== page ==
Piallaway's Col Dolahenty retires from carting livestock after 62 years on the road

RELIABLE: Col Dolahenty and 'the old girl' - his 1974 Volvo. Photos: Peter Hardin 251017PHB034
RELIABLE: Col Dolahenty and 'the old girl' - his 1974 Volvo. Photos: Peter Hardin 251017PHB034

HE’S a cattle and wheat farmer at heart, but he’s also managed to rack up 1.5 million kilometres carting them as a side-career.

Now, after decades of driving, Piallaway’s Col Dolahenty has finally decided to put his trusty Volvo in park and retire.

He’s just wound up 62 years of trucking cattle to mainly Tamworth, Gunnedah and Quirindi for people in his area.

TYPICAL, DAD: A caricature one of Col's daughters commissioned for his birthday. 251017PHB117

TYPICAL, DAD: A caricature one of Col's daughters commissioned for his birthday. 251017PHB117

And despite the length of his carting career, he says it was all a bit of an accident.

“I really got into the trucking side with my own stock [then hereford x santa gertrudis] when the markets were falling here in the ’80s,” he says.

“We were finding we were getting better markets down around the Hunter area abattoirs.

“So I started running our own stock down there and then a few of the neighbours said, ‘Oh gee, can you take some for us?’ and it snowballed on from that, really.”

Mr Dolahenty says he has since carted cattle for three and even four generations of his neighbours.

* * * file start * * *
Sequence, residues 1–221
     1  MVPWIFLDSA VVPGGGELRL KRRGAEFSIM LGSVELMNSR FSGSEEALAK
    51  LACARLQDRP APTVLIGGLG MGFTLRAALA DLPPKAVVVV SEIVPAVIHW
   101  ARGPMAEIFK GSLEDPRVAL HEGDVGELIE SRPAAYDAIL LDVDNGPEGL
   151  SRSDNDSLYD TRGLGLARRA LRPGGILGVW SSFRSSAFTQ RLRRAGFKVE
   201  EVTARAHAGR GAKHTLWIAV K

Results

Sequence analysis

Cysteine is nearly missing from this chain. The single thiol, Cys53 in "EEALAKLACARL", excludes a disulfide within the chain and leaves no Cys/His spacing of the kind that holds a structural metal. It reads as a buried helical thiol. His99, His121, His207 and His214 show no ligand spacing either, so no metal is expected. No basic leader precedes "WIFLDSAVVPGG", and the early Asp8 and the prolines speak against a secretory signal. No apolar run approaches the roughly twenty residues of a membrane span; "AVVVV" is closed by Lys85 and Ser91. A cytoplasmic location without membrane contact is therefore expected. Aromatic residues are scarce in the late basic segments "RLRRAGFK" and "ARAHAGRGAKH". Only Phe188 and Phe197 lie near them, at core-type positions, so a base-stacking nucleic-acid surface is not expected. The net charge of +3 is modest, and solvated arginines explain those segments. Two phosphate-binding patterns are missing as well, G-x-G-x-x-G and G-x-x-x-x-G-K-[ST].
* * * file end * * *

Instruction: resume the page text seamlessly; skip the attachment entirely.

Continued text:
“I wouldn’t call them my clients; I reckon everybody I’ve carted for has been friends – and longtime friends, really.”

Just three second-hand trucks have seen him through: a 1950 Ford, a 1961 Toyota and a 1974 Volvo.

He still has all three: “He’s a bit of a hoarder,” Barb says.

FAMILY: Barbara and Col on the family property; their son and daughter-in-law bought it two years ago. 251017PHB108

FAMILY: Barbara and Col on the family property; their son and daughter-in-law bought it two years ago. 251017PHB108

“Barb reckons I spent as much time underneath the trucks as I did inside the damn things, driving them,” Mr Dolahenty says.

“I’ve had to be a bit of a backyard bush mechanic; get to the minor things before it really breaks down.”

The Volvo, he bought with a reconditioned chassis and the odometer having just turned over a million kilometres. So with their almost 25-year relationship, does he have a name for his truck?

“Just ‘me old girl’, that’s all,” he says with a laugh.

“The wife is ‘the young girl’ and this one is ‘the old girl’ – but I’ve been very dependent on both of them all those years.”

Mr Dolahenty says he’s sad his carting days are over, but it was time.

“It’s mainly my age, really. I had a little bit of health trouble, but I sort of thought my dear old Volvo truck would lay down and die before me – but she’s still going,” he says.

“I might end up selling it, maybe; it’s still registered … she’s done about 600,000km since I’ve had her, but she’s been a good old girl and I’m going to miss it.”